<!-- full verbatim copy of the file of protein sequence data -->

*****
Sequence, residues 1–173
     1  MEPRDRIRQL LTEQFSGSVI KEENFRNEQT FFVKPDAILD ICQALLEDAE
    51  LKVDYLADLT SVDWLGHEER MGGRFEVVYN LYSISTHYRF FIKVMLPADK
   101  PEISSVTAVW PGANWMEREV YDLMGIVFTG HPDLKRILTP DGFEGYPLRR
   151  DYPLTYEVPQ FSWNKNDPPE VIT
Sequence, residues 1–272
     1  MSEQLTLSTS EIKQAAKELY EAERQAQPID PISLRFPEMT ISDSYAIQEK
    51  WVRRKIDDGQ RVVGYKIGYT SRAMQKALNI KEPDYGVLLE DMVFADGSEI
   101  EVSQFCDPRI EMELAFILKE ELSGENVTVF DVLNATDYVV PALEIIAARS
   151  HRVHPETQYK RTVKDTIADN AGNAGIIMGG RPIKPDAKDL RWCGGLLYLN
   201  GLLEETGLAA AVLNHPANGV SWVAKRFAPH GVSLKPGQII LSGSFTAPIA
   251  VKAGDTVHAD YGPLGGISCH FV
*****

Sequence, residues 1–173
     1  MEPRDRIRQL LTEQFSGSVI KEENFRNEQT FFVKPDAILD ICQALLEDAE
    51  LKVDYLADLT SVDWLGHEER MGGRFEVVYN LYSISTHYRF FIKVMLPADK
   101  PEISSVTAVW PGANWMEREV YDLMGIVFTG HPDLKRILTP DGFEGYPLRR
   151  DYPLTYEVPQ FSWNKNDPPE VIT
Sequence, residues 1–272
     1  MSEQLTLSTS EIKQAAKELY EAERQAQPID PISLRFPEMT ISDSYAIQEK
    51  WVRRKIDDGQ RVVGYKIGYT SRAMQKALNI KEPDYGVLLE DMVFADGSEI
   101  EVSQFCDPRI EMELAFILKE ELSGENVTVF DVLNATDYVV PALEIIAARS
   151  HRVHPETQYK RTVKDTIADN AGNAGIIMGG RPIKPDAKDL RWCGGLLYLN
   201  GLLEETGLAA AVLNHPANGV SWVAKRFAPH GVSLKPGQII LSGSFTAPIA
   251  VKAGDTVHAD YGPLGGISCH FV